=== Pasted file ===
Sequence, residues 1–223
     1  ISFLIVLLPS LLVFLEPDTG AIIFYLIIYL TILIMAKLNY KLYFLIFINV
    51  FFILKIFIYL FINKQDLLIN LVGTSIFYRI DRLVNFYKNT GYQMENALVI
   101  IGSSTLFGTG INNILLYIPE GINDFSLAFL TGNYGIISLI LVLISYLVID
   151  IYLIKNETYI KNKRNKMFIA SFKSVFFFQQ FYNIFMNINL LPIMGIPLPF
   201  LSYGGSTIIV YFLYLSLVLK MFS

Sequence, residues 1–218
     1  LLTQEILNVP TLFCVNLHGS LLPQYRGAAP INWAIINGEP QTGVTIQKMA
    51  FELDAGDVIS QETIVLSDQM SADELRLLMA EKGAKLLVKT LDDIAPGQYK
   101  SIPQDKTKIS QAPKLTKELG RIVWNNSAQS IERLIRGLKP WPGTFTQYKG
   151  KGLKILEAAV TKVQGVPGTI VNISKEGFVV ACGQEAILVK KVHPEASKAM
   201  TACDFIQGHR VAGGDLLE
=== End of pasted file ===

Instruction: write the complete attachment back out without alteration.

Sequence, residues 1–223
     1  ISFLIVLLPS LLVFLEPDTG AIIFYLIIYL TILIMAKLNY KLYFLIFINV
    51  FFILKIFIYL FINKQDLLIN LVGTSIFYRI DRLVNFYKNT GYQMENALVI
   101  IGSSTLFGTG INNILLYIPE GINDFSLAFL TGNYGIISLI LVLISYLVID
   151  IYLIKNETYI KNKRNKMFIA SFKSVFFFQQ FYNIFMNINL LPIMGIPLPF
   201  LSYGGSTIIV YFLYLSLVLK MFS

Sequence, residues 1–218
     1  LLTQEILNVP TLFCVNLHGS LLPQYRGAAP INWAIINGEP QTGVTIQKMA
    51  FELDAGDVIS QETIVLSDQM SADELRLLMA EKGAKLLVKT LDDIAPGQYK
   101  SIPQDKTKIS QAPKLTKELG RIVWNNSAQS IERLIRGLKP WPGTFTQYKG
   151  KGLKILEAAV TKVQGVPGTI VNISKEGFVV ACGQEAILVK KVHPEASKAM
   201  TACDFIQGHR VAGGDLLE